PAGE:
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Publication numberUS7804107 B1
Publication typeGrant
Application numberUS 11/906,619
Publication dateSep 28, 2010
Filing dateOct 3, 2007
Priority dateOct 1, 2002
Also published asUS7279367
Publication number11906619, 906619, US 7804107 B1, US 7804107B1, US-B1-7804107, US7804107 B1, US7804107B1
InventorsAndrew E. Horch, Fred Hause
Original AssigneeT-Ram Semiconductor, Inc.
Export CitationBiBTeX, EndNote, RefMan
External Links: USPTO, USPTO Assignment, Espacenet
Thyristor semiconductor device and method of manufacture
US 7804107 B1
Abstract
In a method of processing a semiconductor device, a silicide-blocking layer may be formed over a semiconductor material. After defining the silicide-blocking layer, impurities may be implanted into portions of the semiconductor material as defined by the silicide-blocking layer. After the implant, silicide may be formed in a surface region of the semiconductor material as permitted by the silicide-blocking layer. Regions of the impurity implant may comprise boundaries that are related to the outline of the silicide formed thereover. In a further embodiment, the implant may define a base region to a thyristor device. The implant may be performed with an angle of incidence to extend portions of the base region beneath a peripheral edge of the blocking mask. Next, an anode-emitter region may be formed using an implant of a substantially orthogonal angle of incidence and self-aligned to the mask. Epitaxial material may then be formed selectively over exposed regions of the semiconductor material as defined by the silicide-blocking mask. Silicide might also be formed after select exposed regions as defined by the silicide-blocking mask. The silicide-blocking mask may thus be used for alignment of implants, and also for defining epitaxial and silicide alignments.
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Claims(9)
1. A memory device comprising:
semiconductor material;
a thyristor comprising a first base region contiguous to a second base region, the first and the second base regions being in the semiconductor material and each having a portion contiguous to and defining in part a top surface of the semiconductor material, the thyristor further comprising a first emitter and a second emitter, at least a portion of the first emitter being contiguous to and defining an upper surface of semiconductor material of an elevation above the top surface defined by the portion(s) of the first and the second base regions; and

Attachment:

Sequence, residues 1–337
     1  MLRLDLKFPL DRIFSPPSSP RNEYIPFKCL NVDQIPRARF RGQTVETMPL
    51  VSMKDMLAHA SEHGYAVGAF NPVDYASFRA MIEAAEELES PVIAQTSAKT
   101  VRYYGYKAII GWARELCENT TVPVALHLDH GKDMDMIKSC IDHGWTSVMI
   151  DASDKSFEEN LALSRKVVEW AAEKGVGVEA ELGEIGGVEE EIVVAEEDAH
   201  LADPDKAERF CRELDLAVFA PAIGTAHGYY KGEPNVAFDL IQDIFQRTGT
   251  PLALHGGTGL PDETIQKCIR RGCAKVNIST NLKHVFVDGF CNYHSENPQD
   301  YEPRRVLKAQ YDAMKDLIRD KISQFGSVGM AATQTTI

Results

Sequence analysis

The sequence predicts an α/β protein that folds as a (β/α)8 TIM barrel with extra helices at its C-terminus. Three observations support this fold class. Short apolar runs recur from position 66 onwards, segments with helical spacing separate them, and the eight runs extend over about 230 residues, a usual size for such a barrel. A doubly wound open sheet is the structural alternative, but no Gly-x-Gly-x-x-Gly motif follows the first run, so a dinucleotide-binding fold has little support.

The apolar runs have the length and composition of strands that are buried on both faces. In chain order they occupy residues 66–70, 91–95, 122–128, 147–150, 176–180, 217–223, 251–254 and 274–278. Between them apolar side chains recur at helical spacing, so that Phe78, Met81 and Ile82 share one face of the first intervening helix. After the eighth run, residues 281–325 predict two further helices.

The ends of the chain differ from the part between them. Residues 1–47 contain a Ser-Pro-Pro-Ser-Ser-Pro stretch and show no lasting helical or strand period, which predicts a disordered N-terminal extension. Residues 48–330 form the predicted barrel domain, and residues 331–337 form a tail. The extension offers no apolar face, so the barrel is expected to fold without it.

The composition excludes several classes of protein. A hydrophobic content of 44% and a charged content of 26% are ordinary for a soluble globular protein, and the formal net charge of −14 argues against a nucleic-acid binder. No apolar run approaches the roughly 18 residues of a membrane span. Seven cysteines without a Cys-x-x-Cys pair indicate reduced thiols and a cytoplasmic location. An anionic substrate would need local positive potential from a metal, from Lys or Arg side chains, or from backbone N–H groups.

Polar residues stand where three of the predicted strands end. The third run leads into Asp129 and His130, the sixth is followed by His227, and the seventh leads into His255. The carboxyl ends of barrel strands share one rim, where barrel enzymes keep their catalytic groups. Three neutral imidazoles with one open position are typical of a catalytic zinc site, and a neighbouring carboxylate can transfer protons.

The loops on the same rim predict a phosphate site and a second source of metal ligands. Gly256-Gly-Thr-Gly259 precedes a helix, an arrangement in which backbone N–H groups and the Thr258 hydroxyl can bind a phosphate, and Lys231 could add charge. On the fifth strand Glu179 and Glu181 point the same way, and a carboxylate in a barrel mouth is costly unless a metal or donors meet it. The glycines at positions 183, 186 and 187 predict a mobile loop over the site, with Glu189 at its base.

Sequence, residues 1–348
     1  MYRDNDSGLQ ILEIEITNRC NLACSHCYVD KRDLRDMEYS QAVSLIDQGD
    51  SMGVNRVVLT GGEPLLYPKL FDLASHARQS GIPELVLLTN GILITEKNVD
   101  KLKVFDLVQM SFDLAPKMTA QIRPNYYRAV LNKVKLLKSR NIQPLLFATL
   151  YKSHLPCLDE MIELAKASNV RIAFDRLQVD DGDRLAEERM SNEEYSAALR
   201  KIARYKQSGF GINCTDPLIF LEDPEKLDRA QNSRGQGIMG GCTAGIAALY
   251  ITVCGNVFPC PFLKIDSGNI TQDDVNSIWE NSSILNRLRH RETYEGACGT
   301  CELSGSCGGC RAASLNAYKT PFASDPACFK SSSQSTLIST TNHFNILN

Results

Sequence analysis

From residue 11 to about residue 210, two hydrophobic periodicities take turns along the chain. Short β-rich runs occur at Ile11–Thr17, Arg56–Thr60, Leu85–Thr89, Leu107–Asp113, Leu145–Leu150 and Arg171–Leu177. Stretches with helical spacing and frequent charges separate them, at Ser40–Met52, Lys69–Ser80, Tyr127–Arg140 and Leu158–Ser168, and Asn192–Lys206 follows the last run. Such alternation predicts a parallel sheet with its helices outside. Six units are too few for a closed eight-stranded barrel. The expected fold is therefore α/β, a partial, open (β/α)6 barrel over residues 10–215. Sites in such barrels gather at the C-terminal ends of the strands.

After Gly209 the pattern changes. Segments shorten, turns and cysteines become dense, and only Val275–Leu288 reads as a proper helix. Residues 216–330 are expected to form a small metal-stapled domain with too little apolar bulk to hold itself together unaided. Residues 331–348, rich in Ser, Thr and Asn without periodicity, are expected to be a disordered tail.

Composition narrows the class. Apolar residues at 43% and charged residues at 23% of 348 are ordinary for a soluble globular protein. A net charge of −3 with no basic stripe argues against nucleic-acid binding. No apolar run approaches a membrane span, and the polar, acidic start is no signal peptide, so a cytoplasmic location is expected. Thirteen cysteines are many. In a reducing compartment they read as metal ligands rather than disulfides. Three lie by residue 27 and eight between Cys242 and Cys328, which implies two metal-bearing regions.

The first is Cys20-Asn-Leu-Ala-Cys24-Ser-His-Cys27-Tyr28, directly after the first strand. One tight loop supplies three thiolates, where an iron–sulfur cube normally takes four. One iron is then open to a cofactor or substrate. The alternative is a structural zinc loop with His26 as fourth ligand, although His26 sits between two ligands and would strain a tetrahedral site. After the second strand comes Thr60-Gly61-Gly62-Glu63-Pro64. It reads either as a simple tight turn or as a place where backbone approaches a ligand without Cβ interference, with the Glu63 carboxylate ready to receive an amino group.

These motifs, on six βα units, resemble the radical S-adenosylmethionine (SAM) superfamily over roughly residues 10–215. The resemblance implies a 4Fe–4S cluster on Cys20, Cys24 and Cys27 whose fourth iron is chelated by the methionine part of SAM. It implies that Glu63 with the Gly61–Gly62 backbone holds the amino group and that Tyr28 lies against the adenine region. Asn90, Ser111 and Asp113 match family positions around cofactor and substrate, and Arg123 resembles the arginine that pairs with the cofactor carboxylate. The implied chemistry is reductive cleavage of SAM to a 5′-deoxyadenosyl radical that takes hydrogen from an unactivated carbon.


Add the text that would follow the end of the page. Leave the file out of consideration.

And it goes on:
an electrode disposed above the top surface and laterally displaced from the portion of the first emitter, the electrode being capacitively coupled to at least one of the first and the second base regions.
2. The device of claim 1, wherein the portion(s) of the first the second base regions for the top surface and the at least a portion of the first emitter define at least in part a floor and a wall to a trench structure for the semiconductor material, and the electrode is disposed within the trench in insulated relationship with respect to the semiconductor material; the device further comprising dielectric disposed between the electrode and the top surface that is defined in part by the at least one of the first and the second base regions.
3. The device of claim 2, wherein the dielectric further defines in part an insulating spacer disposed laterally between a sidewall of the electrode and the portion of the first emitter that defined at least in part the wall for the trench.
4. The device of claim 1, wherein the portion(s) of the first the second base regions for the top surface and the at least a portion of the first emitter define at least in part a floor and a side wall respectively for a trench defined in the semiconductor material, and the electrode is disposed in insulated relationship to the semiconductor material at least partially recessed within the trench.
5. The device of claim 4, further comprising dielectric disposed between the electrode and the top surface that is defined in part by the at least one of the first and the second base regions for the capacitive coupling of the electrode thereto.
6. The device of claim 1, further comprising an access transistor having a source, a drain, a channel region disposed between the source and the drain, and a gate operably disposed to control the channel region;
wherein one of the source and the drain is connected to the portion of the first emitter;
a portion of the channel region defines a top surface of an elevation less than that formed by the surfaces of the respective source and drain regions; and
the gate is recessed at least in part within a trench structure defined by the surfaces of the respective channel region, the source region and the drain region.
7. The device of claim 6, wherein the top surface defined by the portion(s) of the first and the second base regions beneath the electrode and the top surface defined by the portion of the channel region beneath the gate are of substantially a common plane of elevation beneath that for the upper surface for the first emitter.
8. The device of claim 1, wherein the at least portion of the first emitter for said elevation is defined at least in part by epitaxial deposited silicon.
9. The device of claim 8, further comprising silicide on at least part of said portion of the first emitter for said elevation.